What is Ritchie blathering about here?

I fear that various lefties have, in the circlejerk (what is more politely known as groupthink) managed to concince themselves of something that is not true:

on signing TTIP – the trade treaty that will require the privatisation of the NHS whatever he says now.
The TTIP says absolutely nothing at all about whether the NHS need be privatised. It also doesn’t say that Spanish, French. German or any other health care system need be any different from what it is now.
What it does say is that if a government signs a contract then it must live up to that contract. And the people who define whether it is doing so will not be the national courts under the control (in some countries, obviously not us! Of course! But sauce for goose and gander) of the government being held to its contract.
Even the bloody unions don’t say TTIP means that the NHS must be privatised. They’re at least careful enough to point out that if a part of the NHS is contracted out (for example), and if that contract comes with investment requirements, or a compensation clause, then if the government wants to take that contract back in house they’re entirely at liberty to do so. As long as they pay up whatever compensation clause is in that contract and or refund whatever that investment requirement was.
That is, the government can legisltate as it wishes it’s just got to agree to honour the contracts that the government has signed. And that really is all the TTIP says and does.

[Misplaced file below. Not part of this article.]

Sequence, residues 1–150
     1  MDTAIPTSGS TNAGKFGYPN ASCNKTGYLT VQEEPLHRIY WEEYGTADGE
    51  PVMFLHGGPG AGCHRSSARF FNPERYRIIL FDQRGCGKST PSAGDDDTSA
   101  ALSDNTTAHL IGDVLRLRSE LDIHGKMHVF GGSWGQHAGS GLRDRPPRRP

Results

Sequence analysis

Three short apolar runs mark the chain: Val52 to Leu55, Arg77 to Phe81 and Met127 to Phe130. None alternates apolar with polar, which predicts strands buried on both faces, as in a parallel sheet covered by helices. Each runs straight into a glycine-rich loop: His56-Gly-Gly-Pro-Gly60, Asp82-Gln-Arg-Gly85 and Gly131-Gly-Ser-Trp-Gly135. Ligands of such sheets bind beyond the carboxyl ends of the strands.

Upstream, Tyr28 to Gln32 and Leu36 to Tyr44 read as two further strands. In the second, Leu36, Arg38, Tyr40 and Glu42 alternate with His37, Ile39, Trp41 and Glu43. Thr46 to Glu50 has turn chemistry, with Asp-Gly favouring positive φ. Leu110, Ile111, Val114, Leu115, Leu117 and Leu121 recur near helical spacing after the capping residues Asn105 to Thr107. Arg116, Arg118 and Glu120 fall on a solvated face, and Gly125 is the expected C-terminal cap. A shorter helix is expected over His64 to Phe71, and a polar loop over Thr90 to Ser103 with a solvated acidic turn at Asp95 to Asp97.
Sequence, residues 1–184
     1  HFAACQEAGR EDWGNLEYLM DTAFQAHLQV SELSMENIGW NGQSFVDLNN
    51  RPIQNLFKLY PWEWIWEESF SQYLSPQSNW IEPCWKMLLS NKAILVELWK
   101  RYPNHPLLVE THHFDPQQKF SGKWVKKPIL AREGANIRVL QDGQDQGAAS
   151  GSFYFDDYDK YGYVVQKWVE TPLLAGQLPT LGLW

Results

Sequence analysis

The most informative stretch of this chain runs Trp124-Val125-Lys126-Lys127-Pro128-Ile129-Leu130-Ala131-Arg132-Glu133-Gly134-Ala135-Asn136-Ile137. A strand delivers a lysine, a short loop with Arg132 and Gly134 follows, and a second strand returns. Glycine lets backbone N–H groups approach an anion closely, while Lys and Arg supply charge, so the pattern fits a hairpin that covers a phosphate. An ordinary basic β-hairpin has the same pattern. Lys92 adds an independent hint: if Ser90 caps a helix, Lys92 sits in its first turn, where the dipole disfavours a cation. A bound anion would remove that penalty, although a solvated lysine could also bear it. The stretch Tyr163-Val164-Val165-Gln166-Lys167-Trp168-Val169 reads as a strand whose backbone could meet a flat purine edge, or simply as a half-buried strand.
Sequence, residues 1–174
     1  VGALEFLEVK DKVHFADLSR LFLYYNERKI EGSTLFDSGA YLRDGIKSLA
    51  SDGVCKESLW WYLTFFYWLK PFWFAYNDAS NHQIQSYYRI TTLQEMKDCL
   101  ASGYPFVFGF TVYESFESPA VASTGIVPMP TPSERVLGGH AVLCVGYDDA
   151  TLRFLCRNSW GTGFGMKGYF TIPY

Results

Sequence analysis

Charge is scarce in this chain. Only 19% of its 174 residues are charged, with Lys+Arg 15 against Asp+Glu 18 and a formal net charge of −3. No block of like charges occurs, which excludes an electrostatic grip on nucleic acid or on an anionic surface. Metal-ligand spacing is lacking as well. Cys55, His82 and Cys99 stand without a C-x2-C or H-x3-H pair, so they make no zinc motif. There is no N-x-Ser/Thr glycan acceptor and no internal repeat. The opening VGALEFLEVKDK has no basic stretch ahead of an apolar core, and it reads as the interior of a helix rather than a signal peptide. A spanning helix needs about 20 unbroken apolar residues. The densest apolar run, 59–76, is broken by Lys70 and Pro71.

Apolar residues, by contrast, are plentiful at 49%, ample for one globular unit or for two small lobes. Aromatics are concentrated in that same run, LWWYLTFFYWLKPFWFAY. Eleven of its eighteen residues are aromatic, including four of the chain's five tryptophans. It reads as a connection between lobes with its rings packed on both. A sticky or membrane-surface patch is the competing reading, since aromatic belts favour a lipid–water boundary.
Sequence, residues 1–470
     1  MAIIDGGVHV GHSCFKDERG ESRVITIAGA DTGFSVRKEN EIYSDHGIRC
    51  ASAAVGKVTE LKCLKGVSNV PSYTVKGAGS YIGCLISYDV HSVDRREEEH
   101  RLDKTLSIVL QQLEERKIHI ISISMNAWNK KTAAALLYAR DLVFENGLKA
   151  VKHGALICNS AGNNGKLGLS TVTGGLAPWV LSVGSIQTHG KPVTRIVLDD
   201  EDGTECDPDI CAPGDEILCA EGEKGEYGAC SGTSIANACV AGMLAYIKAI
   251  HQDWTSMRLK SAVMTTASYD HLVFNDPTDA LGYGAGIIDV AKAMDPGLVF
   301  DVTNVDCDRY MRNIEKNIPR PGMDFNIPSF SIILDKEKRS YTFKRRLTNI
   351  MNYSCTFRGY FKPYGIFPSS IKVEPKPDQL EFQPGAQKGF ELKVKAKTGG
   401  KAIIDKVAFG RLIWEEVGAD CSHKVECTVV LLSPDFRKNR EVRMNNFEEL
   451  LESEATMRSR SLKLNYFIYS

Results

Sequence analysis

So, other than a circlejerk of misinformation, where does this idea that it requires the privatisation of the NHS come from?

 

37 thoughts on “What is Ritchie blathering about here?”

  1. You can’t legislate away political risk. Look at the Euro: if Greece or Italy want to break away, they’ll do so, contracts be damned.

  2. From the 38 Degrees site:

    We want to prevent TTIP and CETA because they include several critical issues such as investor-state dispute settlement and rules on regulatory cooperation that pose a threat to democracy and the rule of law

    Now, they don’t say that it requires privatising the NHS either. And it does place some limits on democracy – rule of the mob – although they seem to be using an interesting definition of “the rule of law”.

    I’d also note that their statement “The ECI (European Citizen’s Initiative) supports an alternative trade and investment policy in the EU.” is wrong. The ECI is a mechanism whereby a million people can get legislation proposed to the commission. And there doesn’t appear to be a “trade and investment policy” initiative open on the ECI web portal (unless they mean the “New Deal 4 Europe” nonsense – which doesn’t mention health or TTIP.)